Like the Park-McCullough House, many historic houses seek financial solutions by allowing alternative uses that complement the museum functions.

The Highlands, in Ft. Washington, Pennsylvania, regularly rents out its 18th-century grounds and unfurnished Georgian-style mansion to groups for parties, weddings, and other special events.

Fifty-two members of the 150-member Tri-State Coalition of Historic Places, a consortium of historic house museums in the greater Philadelphia area, have published Special Places: A Guide for Rental of Historic Sites in the Delaware Valley in order to market these alternative uses. Outside use generally does not displace the traditional museum functions of guided tours and exhibits, but is vying to become the dominant business for some small historic houses. Often alternative uses serve more people than traditional guided tours and museum-sponsored special events.

The final option -- usually a last resort -- is selling the property on the open market with protective covenants. A 1982 Historic Preservation magazine article titled "Making Properties Pay Their Way" describes SPNEA`s deaccessioning of historic properties, "reducing its roster of historic sites from a high of 64 to a more manageable 40 properties."3

SPNEA accomplished this through its Stewardship Program, which protects more than 40 privately owned historic properties and actively seeks to place preservation restrictions on important buildings throughout New England.

Preservation easements are permanent legal rights granted by the owner of a property to a qualified organization to protect against undesirable development or alteration. Easements can prohibit modification of the significant features, changes in usage, or subdivision of the property.

Once imposed, a preservation easement remains attached to the property, in effect protecting the site permanently.

One of the properties "deaccessioned" by SPNEA in 1982 was the Merrill Inn, a tavern in East Lee, Massachusetts. Built in 1794, it was a private home until 1817, and became a stagecoach inn by 1866.

In 1980, SPNEA sold the house to new owners with protective covenants to insure that the facade and selected interior spaces, such as the Tavern Room, colonial bar, false grain painting, smoke painting, and other interior details would be preserved.

The new owners have operated the Merrill Inn as a bed-and-breakfast successfully for the past 14 years, opening the house in December to the general public as part of a community house tour. In this case, the covenants were retained by SPNEA when it sold the property.

The National Trust`s Gifts of Heritage Program offers another approach to protecting historic properties in private ownership. Houses of architectural or historic significance can be donated to the National Trust.

Once the Trust takes possession of the property, a comprehensive protective plan for building(s) and grounds is developed and a preservation-minded buyer is found. Preservation easements protect significant elements of the property and a portion of the sale proceeds is earmarked for the specific purpose of maintaining the easement, including regular inspections and litigation if necessary.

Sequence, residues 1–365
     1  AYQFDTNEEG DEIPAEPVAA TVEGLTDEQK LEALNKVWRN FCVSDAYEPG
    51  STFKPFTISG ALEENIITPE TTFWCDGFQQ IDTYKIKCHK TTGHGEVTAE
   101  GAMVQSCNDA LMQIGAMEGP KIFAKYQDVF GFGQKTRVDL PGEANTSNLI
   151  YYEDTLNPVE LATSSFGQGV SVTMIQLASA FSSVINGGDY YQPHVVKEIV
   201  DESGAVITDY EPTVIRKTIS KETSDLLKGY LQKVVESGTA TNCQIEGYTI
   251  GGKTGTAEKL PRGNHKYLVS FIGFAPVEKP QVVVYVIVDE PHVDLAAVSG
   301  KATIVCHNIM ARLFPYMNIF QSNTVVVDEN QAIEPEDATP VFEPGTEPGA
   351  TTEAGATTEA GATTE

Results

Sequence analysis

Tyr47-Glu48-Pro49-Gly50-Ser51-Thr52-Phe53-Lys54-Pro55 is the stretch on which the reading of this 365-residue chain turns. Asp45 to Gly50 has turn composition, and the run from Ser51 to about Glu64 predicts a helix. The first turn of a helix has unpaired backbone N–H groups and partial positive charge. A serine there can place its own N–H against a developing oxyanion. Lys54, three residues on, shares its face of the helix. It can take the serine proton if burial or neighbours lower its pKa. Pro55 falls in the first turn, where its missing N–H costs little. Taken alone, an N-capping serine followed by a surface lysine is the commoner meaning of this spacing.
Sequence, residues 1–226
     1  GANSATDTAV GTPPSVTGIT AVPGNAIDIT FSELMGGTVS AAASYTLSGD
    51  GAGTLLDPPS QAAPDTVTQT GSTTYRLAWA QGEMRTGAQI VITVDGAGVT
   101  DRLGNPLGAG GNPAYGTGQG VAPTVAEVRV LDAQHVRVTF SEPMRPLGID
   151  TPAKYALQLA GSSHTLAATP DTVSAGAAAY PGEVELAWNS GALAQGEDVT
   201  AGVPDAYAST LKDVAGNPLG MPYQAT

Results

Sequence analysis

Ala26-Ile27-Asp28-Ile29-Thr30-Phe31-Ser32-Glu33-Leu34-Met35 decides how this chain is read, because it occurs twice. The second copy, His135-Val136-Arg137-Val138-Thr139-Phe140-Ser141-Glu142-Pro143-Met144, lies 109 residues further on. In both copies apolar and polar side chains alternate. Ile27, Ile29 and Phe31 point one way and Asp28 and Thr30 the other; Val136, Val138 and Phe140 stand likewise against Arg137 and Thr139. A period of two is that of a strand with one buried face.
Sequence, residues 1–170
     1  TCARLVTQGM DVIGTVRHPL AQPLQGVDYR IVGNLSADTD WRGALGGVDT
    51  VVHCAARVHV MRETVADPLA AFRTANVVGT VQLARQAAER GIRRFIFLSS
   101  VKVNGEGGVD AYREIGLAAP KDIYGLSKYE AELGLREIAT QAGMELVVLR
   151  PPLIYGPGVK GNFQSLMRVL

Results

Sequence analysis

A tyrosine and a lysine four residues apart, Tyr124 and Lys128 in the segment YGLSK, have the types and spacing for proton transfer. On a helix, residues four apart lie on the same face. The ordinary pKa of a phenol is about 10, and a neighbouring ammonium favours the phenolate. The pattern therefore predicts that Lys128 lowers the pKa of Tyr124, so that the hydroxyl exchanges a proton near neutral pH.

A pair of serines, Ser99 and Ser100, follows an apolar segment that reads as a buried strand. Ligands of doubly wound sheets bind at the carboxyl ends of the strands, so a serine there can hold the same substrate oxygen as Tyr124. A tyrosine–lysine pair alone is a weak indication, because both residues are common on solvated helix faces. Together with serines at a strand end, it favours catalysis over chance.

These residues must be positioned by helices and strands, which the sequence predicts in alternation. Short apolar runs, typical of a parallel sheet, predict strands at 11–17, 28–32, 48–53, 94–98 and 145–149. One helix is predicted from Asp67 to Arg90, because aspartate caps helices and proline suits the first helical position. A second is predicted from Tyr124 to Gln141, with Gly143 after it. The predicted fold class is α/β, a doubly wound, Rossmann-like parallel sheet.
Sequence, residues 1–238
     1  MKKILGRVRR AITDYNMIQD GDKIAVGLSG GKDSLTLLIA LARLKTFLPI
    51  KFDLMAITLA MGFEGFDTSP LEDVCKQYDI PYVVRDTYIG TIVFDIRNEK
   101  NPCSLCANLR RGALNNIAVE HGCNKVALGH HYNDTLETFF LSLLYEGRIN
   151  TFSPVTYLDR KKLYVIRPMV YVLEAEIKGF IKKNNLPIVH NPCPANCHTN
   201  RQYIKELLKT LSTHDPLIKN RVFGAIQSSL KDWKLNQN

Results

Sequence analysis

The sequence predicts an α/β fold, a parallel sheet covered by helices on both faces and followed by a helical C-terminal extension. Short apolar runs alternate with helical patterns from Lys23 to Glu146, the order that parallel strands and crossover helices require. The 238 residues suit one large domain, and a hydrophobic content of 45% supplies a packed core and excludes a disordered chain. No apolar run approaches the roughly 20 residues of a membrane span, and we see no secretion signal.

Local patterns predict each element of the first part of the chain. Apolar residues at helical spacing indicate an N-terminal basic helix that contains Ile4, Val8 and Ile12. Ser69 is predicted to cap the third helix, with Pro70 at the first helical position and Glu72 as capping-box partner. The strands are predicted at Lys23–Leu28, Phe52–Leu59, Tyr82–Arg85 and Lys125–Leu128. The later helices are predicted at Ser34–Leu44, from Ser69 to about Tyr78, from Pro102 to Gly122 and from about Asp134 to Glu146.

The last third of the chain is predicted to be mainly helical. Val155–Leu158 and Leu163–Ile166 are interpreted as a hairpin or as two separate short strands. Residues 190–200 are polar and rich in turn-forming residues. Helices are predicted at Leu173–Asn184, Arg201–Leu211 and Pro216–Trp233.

Through the Gifts of Heritage program, Bachelor`s Hope, a 1759 brick manor house and 300-acre farm in St. Mary`s County, Maryland, was purchased and lovingly maintained by a young couple as their family home.

To summarize, a variety of models can be followed when tough financial decisions call for a substantial change in the operation of a historic house museum. Simply closing the door and walking away is not a viable option.

Unlike a building owned by an individual, a historic site owned by a nonprofit is held in the public trust in the same way a museum holds objects in its collection. Stewards of historic sites have a responsibility to insure the preservation of the actual structure for the future.

The way in which they do this may be by finding another organization to manage the site, turning it into a study house, or finding an alternative use, depending on what is appropriate for the site.

In any case, the historic site should be protected against deterioration or destruction, which could mean finding a live-in caretaker for the site or placing restrictive covenants on historical details and selling the building on the open market.

At a time when America`s cities and states are recognizing that tourism may become our nation`s major industry, the key components to that vision -- historic houses -- are struggling for survival.

Past strategies for providing funds to operate these houses are no longer adequate. Management skills that worked in the past may not be appropriate for houses that operate special event location businesses on the side.

If protected responsibly, historic houses can still be interpreted and can still support the local economy -- and operate for the public benefit -- through historic markers, tours coordinated for special occasions, and publications. If closed without careful planning, however, stewards for these houses will be tossing away valuable cultural and financial assets. Notes

  1. Gerald George, "Proposed Plan Historic Properties Program" (unpublished, National Trust for Historic Preservation, 1989), p. 14.
  2. Stephen K. Urice, "When Museums Decide to Merge: Examining Some Practicalities" (Philadelphia: ALI ABA Proceedings, 1993), p. 2.
  3. Robert Campbell, "Making Properties Pay Their Way," Historic Preservation Magazine (January/February, 1982), p. 27.

Publication Date: Summer 1996


Author(s):Jennifer Esler